South Cumbria dog attack victim welcomes change in law
Last updated at 13:00, Wednesday, 14 May 2014
A CUMBRIA postman who has been a victim of dog attacks more than a dozen times during his career has praised a change in the law that will hold irresponsible pet owners to account.
Changes to the Dangerous Dogs Act came into force in England and Wales yesterday.
Under the new rules, the prison sentence for an owner who allows a dog to fatally attack someone has been increased from two years to 14. Owners will also now face prosecution if their dog attacks a person on private property.
This will provide postmen and women with legal protection for the first time as previous rules did not extend “beyond the garden gate”.
Mark Butterworth has worked for the Royal Mail since January 2003. In that time he estimates he has been attacked 20 times.
In July he required hospital treatment for cuts on his wrist and ankle after being bitten by a terrier while on his round in Grange.
Talking about the changes to the Dangerous Dogs Act, Mr Butterworth, 57, of Cark, said: “It’s difficult when they are on their own property. I have a dog and I’d like to think it could roam around freely on my property. But if it is a dangerous dog, one that is likely to attack someone, then there should be some guidelines in place.”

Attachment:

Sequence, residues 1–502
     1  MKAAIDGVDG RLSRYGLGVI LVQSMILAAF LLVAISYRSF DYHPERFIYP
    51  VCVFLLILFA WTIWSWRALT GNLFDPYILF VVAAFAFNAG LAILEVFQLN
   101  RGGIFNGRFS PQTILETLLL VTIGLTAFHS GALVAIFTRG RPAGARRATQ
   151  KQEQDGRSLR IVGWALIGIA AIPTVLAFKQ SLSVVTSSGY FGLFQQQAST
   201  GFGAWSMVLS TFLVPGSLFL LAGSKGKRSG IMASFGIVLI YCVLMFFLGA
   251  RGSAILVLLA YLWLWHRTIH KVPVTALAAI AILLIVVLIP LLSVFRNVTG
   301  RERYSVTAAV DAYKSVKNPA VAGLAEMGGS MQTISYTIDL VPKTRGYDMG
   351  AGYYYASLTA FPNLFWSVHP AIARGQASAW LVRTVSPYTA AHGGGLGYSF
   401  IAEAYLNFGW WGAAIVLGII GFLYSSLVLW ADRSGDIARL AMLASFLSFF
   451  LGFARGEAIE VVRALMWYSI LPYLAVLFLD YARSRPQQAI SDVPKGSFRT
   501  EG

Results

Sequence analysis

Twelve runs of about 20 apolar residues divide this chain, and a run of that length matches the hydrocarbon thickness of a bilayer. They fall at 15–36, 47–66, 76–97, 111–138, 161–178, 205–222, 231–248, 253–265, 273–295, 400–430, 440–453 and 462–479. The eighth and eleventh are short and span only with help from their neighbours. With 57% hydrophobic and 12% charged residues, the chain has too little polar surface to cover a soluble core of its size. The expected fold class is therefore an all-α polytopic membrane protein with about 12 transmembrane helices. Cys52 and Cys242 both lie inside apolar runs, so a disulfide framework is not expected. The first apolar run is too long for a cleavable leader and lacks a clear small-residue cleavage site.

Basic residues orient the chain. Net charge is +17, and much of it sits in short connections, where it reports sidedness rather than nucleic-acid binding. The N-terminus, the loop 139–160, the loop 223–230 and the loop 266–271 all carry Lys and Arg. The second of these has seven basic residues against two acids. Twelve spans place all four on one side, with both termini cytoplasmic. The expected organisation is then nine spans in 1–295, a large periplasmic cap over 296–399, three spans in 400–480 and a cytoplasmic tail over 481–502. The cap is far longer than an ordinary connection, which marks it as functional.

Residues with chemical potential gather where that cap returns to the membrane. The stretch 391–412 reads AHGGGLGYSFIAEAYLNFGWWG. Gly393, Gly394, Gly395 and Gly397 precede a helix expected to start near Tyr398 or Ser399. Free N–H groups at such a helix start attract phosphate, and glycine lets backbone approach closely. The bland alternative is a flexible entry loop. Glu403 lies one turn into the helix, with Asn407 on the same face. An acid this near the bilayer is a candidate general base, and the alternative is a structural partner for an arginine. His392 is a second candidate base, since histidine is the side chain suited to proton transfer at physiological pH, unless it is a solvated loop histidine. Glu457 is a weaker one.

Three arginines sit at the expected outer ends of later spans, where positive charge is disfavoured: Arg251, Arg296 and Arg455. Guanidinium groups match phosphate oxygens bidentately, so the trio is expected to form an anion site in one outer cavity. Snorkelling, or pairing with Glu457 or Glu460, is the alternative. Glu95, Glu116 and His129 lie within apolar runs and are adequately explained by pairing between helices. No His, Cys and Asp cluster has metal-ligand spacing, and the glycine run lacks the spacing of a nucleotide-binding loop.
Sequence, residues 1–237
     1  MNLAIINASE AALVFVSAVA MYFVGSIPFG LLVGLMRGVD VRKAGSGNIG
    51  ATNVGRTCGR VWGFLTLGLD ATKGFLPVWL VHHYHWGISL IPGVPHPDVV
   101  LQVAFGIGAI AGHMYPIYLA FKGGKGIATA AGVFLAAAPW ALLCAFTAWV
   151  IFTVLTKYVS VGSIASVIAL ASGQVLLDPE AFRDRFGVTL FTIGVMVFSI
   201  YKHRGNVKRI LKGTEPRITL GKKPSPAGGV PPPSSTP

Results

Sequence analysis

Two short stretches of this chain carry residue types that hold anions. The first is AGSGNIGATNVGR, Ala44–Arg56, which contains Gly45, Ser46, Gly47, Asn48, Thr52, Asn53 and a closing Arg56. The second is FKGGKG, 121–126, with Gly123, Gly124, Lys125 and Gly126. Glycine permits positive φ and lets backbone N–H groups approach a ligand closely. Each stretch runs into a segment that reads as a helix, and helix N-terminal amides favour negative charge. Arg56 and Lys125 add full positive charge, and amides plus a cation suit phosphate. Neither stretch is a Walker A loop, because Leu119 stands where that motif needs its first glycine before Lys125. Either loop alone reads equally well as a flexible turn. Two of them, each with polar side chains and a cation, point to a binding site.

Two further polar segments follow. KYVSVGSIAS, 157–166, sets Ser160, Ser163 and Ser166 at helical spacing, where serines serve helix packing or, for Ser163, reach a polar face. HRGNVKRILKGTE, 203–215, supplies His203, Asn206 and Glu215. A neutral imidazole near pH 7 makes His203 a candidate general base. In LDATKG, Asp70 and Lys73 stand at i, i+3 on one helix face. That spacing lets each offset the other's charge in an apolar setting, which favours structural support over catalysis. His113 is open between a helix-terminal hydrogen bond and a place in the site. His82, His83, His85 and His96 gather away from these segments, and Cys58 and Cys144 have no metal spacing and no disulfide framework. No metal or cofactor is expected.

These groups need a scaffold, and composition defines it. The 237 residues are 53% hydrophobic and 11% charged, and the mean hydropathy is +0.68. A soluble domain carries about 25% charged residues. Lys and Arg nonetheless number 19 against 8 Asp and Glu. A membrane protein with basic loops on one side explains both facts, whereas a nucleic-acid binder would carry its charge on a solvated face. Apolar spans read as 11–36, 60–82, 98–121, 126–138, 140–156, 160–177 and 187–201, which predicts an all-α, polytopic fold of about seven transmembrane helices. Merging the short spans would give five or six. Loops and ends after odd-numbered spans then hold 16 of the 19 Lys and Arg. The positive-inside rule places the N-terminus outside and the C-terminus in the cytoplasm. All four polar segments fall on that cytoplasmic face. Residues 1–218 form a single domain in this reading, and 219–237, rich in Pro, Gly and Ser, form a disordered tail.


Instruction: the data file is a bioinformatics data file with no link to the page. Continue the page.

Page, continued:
Shaun Davis, group director of safety at Royal Mail, said: “Royal Mail has campaigned for changes to this important legislation and it will now ensure our postmen and women will be protected when they enter private property, including a customer’s garden.
“We are only too aware of the life changing physical and psychological injuries that can be sustained from dog attacks. Nobody should have to endure this and our postmen and women should not be at increased risk of such attacks simply because of the job they do.”
Mr Butterworth said the majority of dog owners are responsible but hopes the new legislation forces some owners to take extra precautions to avoid falling foul of the law.
He said: “They should just put a box on their gate at the end of the drive because that’s going to cost them a lot less than if their dog bites a postman.”
Between April 2012 and April 2013, more than 2,400 postmen and women in the UK were attacked by dogs.
First published at 12:38, Wednesday, 14 May 2014
Published by http://www.nwemail.co.uk
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